Concerns Ahead Of Trump-Kim Summit
MICHEL MARTIN, HOST:
Now, to understand what we might expect from this upcoming meeting, we called Ambassador Wendy Sherman. She coordinated Korea policy during the Clinton administration, and we asked her what she is expecting this meeting to produce.
WENDY SHERMAN: Oh, I think both Kim Jong Un and President Trump like theater, so they will each bring that theater to this meeting in this negotiation.
MARTIN: Ambassador Sherman has some concerns, particularly about President Trump's suggestion that he might end up inviting Kim to the White House.
SHERMAN: I want the president to succeed, but I don't want it to be all about symbolism because Kim Jong Un getting a meeting with the president of United States is a big deal for North Korea. This gives status to North Korea. Here North Korea is with the most powerful nation on earth, United States of America, and if he came to the White House, he would get the same boost as a leader of rank in world affairs. But if he hasn't done anything about his nuclear weapons, then we have given a brutal dictator - because remember, he has gulags and labor camps, assassinated his half-brother, assassinated his uncle, has kept many of his people without any food or medical care to speak of - we're giving a brutal dictator standing that he doesn't deserve.
MARTIN: That was Ambassador Wendy Sherman, who served as a member of the U.S. negotiating team with North Korea. To understand what is at stake in all of these negotiations, we turn now to Admiral James Stavridis. He is the dean of the Fletcher School of Diplomacy at Tufts University. Previously, he served as the supreme allied commander of NATO.
Admiral, thanks so much for speaking with us once again.
JAMES STAVRIDIS: Pleasure to be with you, Michel.
MARTIN: So before we get into the details, can you lay out, as simply as you can, exactly what is the threat that North Korea poses to the region and what is the threat that North Korea poses to the United States?
STAVRIDIS: North Korea poses a profound threat in the region because they have an enormous army. They have highly capable air forces, excellent navy with diesel submarines, and above all, a cache of probably somewhere between 30 and 50 nuclear weapons and ballistic missiles to deliver them at ranges that can touch any capital in the region. They are a growing threat to the United States because their ballistic missile program has advanced to the point that it is conceivable that they could, in the immediate future - say the next year or two - be able to deliver a weapon to the continental United States. That's very worrisome on both counts.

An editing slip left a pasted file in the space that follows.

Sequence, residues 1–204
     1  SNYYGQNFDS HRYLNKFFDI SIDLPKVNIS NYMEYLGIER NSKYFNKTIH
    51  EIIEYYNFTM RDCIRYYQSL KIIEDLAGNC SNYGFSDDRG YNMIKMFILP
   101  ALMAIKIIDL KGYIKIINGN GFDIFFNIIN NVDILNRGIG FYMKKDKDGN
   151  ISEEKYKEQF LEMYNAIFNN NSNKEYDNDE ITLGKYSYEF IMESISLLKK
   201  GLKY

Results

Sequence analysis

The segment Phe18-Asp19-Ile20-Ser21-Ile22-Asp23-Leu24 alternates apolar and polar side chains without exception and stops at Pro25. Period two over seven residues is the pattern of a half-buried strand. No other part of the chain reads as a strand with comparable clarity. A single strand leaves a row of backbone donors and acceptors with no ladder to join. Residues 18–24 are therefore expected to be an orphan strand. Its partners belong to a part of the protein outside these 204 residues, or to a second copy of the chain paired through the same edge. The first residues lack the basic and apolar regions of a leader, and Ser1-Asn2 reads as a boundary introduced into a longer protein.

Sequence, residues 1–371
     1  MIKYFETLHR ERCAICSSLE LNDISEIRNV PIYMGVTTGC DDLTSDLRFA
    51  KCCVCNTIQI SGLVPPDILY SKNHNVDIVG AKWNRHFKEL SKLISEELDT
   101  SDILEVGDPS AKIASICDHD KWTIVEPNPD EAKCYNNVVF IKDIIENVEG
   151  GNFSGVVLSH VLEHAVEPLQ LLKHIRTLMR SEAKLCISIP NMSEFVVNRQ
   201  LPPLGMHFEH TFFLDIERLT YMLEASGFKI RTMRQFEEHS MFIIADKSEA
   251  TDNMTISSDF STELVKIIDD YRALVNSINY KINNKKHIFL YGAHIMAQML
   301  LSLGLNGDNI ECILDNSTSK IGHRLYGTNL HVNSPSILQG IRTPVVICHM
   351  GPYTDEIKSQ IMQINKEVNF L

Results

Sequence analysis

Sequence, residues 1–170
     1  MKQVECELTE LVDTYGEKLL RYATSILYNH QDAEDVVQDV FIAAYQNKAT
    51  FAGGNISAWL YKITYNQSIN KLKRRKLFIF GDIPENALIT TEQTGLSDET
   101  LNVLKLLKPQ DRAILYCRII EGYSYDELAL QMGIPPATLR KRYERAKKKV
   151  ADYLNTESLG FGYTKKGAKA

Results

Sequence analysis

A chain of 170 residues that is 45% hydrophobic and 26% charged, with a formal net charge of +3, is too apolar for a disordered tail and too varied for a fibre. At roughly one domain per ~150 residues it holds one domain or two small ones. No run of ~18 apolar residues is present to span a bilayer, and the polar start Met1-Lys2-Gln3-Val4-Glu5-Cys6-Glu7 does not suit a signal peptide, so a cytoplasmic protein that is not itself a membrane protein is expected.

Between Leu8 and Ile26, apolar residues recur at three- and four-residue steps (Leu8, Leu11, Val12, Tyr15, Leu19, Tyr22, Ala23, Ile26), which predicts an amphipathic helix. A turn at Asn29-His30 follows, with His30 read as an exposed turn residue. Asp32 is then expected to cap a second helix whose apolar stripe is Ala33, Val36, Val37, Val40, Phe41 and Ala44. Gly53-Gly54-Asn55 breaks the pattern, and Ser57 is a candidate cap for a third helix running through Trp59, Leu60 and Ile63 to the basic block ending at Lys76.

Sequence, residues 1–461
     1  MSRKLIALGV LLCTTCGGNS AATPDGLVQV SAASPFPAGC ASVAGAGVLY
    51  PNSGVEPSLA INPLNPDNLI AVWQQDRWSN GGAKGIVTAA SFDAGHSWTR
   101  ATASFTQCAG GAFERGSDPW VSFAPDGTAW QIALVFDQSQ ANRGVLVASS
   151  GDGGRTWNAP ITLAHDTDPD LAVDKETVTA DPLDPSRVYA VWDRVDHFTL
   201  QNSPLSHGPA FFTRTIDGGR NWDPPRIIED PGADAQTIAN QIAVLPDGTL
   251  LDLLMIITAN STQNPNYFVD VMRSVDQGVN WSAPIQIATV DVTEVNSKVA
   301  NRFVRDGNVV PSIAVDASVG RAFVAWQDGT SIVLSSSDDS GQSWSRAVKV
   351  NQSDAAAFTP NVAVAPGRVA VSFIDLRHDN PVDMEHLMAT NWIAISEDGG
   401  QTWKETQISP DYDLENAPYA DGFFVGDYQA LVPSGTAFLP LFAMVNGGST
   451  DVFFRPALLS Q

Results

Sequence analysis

MARTIN: President Trump has been advocating for, quote, unquote, "rapid denuclearization." Is that a realistic goal? I mean, let's just say, even as an intellectual exercise, is that possible?
STAVRIDIS: It is not. In any scenario, it will be a matter of years before North Korea is free of nuclear weapons. There are technical reasons for that. It takes time to obtain these weapons defused and then, above all, to ensure that you've got all of them, for North Korea to prove that they have given us the entire inventory. And then secondly, as a matter of political reality, highly unlikely, in my view, that Kim Jong Un will give up his nuclear weapons. He might allow them to be inspected, but he will certainly demand, for a period of years, access to nuclear weapons because he fears if he gives them up, he will meet the same fate as Moammar Gadhafi, Saddam Hussein and others who have given up weapons of mass destruction, so look for this problem to stretch out.
MARTIN: Before we let you go, may I ask you, what's your overall sense of what this meeting means to the world?
STAVRIDIS: I think there's a 70 percent chance we can ultimately negotiate a fairly positive outcome here. I think there is about a 20 percent chance that we'll slip back into the old ways of doing business, which is kind of the history. We've been excited before about potential agreements with North Korea. None have come to fruition. And then my last 10 percent is, kind of, the dark side of the spectrum, which is that this breaks down completely, and in frustration and anger, one side or the other actually commences hostilities - low percentage, but very dark end of the spectrum. So let's focus on that 70 percent potential positives here. I'm cautiously optimistic.
MARTIN: That's Admiral James Stavridis. He previously served as supreme allied commander of NATO. Currently, he's serving as dean of the Fletcher School of Diplomacy at Tufts University.
Admiral, thank you so much for speaking with us.
STAVRIDIS: What a pleasure, Michel. Thank you.
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